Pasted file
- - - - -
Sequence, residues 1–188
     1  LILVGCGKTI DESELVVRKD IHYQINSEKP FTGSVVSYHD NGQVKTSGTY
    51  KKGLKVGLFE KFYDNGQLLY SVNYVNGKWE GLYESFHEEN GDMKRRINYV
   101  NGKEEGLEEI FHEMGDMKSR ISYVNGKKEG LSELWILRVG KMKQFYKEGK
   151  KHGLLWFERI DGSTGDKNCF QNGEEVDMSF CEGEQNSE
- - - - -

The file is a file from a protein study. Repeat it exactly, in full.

Sequence, residues 1–188
     1  LILVGCGKTI DESELVVRKD IHYQINSEKP FTGSVVSYHD NGQVKTSGTY
    51  KKGLKVGLFE KFYDNGQLLY SVNYVNGKWE GLYESFHEEN GDMKRRINYV
   101  NGKEEGLEEI FHEMGDMKSR ISYVNGKKEG LSELWILRVG KMKQFYKEGK
   151  KHGLLWFERI DGSTGDKNCF QNGEEVDMSF CEGEQNSE